Thousands of fires have burned across Indonesia over the last few weeks.
This map shows the location of fires that have a high confidence* for being related to forest-clearing from September 7-17.
Weaker prevailing winds tend to blow the from the South or South East during this time of year, gently carrying smoke North from the fires further South.
Fires are an annual problem during the dry season, when forests in Indonesia are slashed and burned to clear the land for agriculture.
The chart shows daily fires observed throughout Indonesia by NASA's Terra and Aqua satellites.
Although it is illegal for companies in Indonesia to start forest or land fires, over a third of fires in Sumatra and Kalimantan from September 7 to 17 occurred within the pulp, palm oil or logging concessions that cover much of the land.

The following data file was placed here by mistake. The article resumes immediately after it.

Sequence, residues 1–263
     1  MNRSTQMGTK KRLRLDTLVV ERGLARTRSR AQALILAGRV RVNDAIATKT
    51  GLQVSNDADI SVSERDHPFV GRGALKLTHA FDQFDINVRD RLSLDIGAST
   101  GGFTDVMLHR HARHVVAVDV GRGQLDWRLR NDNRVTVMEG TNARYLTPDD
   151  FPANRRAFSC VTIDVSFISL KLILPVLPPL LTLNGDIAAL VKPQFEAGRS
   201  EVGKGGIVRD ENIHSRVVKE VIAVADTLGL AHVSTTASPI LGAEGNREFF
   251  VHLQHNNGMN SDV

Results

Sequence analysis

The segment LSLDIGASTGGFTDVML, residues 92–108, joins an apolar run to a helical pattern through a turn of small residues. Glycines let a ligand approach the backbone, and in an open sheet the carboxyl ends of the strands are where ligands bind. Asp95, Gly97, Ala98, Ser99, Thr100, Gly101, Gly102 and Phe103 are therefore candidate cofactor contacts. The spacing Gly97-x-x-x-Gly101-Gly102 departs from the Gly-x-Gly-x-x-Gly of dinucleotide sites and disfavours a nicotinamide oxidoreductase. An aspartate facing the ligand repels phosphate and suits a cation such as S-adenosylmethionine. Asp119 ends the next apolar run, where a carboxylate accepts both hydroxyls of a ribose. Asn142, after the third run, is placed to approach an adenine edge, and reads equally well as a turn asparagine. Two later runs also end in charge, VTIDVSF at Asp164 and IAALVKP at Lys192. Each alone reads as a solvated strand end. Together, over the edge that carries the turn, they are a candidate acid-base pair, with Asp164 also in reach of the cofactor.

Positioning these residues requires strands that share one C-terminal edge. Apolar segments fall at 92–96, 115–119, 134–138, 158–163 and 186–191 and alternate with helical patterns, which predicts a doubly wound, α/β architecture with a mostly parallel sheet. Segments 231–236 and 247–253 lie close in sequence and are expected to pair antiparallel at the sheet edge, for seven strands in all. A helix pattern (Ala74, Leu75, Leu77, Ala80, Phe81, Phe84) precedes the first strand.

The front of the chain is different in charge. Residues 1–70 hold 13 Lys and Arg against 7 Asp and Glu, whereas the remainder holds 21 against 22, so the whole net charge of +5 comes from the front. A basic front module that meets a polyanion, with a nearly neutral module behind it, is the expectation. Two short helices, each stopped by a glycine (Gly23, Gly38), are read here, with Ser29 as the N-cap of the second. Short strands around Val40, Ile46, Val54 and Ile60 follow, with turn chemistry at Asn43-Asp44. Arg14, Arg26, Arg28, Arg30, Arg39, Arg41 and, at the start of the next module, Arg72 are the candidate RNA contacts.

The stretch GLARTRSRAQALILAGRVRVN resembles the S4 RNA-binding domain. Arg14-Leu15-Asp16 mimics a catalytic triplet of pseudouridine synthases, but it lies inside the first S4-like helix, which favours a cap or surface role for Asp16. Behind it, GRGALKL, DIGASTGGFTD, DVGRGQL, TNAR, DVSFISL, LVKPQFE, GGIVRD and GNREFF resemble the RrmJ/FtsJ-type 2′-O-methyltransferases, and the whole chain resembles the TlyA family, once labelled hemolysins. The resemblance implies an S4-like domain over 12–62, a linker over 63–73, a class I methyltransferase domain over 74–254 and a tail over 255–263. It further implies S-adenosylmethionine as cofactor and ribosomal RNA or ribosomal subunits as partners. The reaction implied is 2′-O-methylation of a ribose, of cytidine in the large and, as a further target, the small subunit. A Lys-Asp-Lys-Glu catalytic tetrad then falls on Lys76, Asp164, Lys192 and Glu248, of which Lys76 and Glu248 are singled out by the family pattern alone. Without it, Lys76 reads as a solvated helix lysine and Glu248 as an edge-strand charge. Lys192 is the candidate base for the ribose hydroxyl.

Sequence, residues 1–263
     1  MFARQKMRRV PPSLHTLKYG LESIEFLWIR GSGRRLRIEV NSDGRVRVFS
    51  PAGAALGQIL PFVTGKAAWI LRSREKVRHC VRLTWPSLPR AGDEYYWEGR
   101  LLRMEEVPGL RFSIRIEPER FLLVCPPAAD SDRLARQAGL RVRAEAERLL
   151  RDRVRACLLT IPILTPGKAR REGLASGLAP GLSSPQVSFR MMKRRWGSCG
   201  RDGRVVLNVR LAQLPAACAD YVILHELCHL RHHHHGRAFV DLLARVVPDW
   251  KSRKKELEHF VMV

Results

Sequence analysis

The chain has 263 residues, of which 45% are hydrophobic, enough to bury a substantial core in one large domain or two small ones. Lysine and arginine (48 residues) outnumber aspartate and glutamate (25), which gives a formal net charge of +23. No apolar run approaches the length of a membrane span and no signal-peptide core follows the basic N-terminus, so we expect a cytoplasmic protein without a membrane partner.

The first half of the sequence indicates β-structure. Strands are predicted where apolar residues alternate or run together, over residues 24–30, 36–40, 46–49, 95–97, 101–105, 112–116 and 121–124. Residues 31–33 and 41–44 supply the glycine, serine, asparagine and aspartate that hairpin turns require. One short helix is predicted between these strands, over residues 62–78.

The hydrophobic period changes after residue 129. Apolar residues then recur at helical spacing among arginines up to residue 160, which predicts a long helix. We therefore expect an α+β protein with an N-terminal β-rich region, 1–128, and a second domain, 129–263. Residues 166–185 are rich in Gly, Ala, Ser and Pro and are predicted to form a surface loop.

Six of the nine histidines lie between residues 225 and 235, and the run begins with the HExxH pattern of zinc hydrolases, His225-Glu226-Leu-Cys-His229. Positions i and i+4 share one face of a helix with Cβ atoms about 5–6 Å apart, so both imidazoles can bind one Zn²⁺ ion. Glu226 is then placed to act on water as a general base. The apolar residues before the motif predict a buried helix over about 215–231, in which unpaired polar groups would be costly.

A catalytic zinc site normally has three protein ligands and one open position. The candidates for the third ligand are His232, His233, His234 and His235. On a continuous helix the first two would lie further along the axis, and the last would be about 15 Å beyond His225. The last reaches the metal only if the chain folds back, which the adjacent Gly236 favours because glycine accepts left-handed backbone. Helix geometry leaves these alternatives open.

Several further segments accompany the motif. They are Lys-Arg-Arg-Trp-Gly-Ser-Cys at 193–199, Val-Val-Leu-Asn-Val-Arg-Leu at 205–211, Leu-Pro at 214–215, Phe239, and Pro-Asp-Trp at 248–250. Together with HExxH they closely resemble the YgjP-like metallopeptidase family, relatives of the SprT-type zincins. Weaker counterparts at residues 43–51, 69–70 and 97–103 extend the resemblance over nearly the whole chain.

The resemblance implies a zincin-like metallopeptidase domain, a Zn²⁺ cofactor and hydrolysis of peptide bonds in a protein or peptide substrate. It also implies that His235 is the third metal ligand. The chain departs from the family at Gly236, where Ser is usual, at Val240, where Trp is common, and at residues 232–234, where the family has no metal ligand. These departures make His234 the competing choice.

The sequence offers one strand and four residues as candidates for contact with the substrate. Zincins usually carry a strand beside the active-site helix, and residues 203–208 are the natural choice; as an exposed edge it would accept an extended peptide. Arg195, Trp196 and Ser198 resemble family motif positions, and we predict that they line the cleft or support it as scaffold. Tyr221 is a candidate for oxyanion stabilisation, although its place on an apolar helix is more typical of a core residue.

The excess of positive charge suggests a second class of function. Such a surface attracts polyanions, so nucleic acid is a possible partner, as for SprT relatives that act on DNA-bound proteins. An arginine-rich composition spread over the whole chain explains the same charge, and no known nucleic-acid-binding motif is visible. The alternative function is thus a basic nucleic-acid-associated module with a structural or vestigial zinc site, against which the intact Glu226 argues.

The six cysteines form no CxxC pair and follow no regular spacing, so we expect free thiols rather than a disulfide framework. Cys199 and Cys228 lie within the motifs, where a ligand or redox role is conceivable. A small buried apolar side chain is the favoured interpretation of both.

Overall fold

Fires on peat are of particular concern because they can be difficult to extinguish due to the depth and organic density of the soil. Some can burn for months or even years.
Between the 7th and 17th of September, 60 percent of the fires in Sumatra and Kalimantan were on carbon-rich peatlands, according to the World Resources Institute. The fires are set to burn off the vegetation but also burn roots and the peat soil itself.
NOTE: Average wind direction measured at Changi, Singapore, from March 2006 to August 2015.
*Classification employed by WRI. Identifies fires with a Brightness value ≥330 Kelvin and a Confidence value ≥ 30% using NASA’s Active Fire Data.
Graphics by Simon Scarr, Wen Foo, and Jessica Wang
Sources: NASA; World Resources Institute, Global Forest Watch Fires; Windfinder